A customer walks in to my office to purchase two used mezuzos. She’s in her mid to late sixties, her life is upside down, she tells me, and the mezuzah which was on her door (for the past forty four years) was also upside down. “I’m superstitious and I believe in G-d so I need kosher mezuzos” After picking out a few mezuzah cases she asks, “Are these used mezuzos not as good as new mezuzos?” “Of course not, I tell her.” “Should I get new ones?” “Of course you should”, I reply. As you may know, I sell used mezuzos because I think that under certain circumstances they are a valid option. But for somebody that can afford new mezuzos, and they are for the house that they live in, and they are only buying two mezuzos, no, I don’t think they should buy used mezuzos.
I offered her a new mezuzahh that was much nicer (better taggim, neater, etc) for $42.00. Her response? “Let me get back to you, I need to speak with someone”. I asked her, “Is it the price?” Yes, it was the price. It turns out she is going to check her Reform synagogue’s gift shop. My question for you is: If a person wants better than a used mezuza, why of all places would they even think to look in a Reform synagogue gift shop? Do they expect the sales person to be able to tell them, “Yes Mrs. Goldstein, this is a kosher mezuza, I know that the sofer had s’michah, and that it was checked over by a reliable sofer who knows how to check mezuzos.” Lets be realistic. It is not a priority of Reform synagogue gift shops to be sure that the mezuzos they sell are kosher. In fact, we all know that the case is more important to them than the scroll that is in it.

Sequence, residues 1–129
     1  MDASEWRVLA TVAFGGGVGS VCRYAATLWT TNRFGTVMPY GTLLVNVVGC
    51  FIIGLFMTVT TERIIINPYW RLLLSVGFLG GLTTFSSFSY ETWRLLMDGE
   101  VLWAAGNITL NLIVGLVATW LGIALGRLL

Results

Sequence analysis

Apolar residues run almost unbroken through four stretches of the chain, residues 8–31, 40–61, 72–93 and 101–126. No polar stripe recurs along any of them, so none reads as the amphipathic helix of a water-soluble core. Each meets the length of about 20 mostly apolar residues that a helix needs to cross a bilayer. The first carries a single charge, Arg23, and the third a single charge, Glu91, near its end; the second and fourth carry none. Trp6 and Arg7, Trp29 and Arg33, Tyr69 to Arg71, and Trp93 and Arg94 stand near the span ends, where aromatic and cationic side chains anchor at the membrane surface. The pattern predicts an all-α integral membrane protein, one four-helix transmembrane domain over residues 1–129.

Could there be an exception out there? Sure, but we all know that what I am saying is the norm. So don’t buy mezuzos from somebody who is not an expert, and especially from a synagogue gift shop! If you do go into a gift shop to buy a mezuzah, ask them where the mezuza is from, who wrote it, does he have s’michah, who checked it, is it computer scanned, and what quality level is it. After you see that your question were not answered to your satisfaction, give me a call.
By they way, where do these gift shops get their mezuzos from? Often they are the mezuzos that knowledgeable soferim rejected from wholesalers. The wholesalers are not by and large certifying that the mezuzos that they sell are kosher, so if the gift shop doesn’t ask, this is how the wholesaler clears out his inventory of cheap mezuzos. Is the wholesaler a dishonest crook? Probably not. He probably bought a batch of mezuzos from someone, and after showing them to qualified soferim he realized that they are ‘not so good’ so he sold on the assumption that they are probably kosher on some level, and that it is the job of the person who sells to the consumer to insure that it is kosher.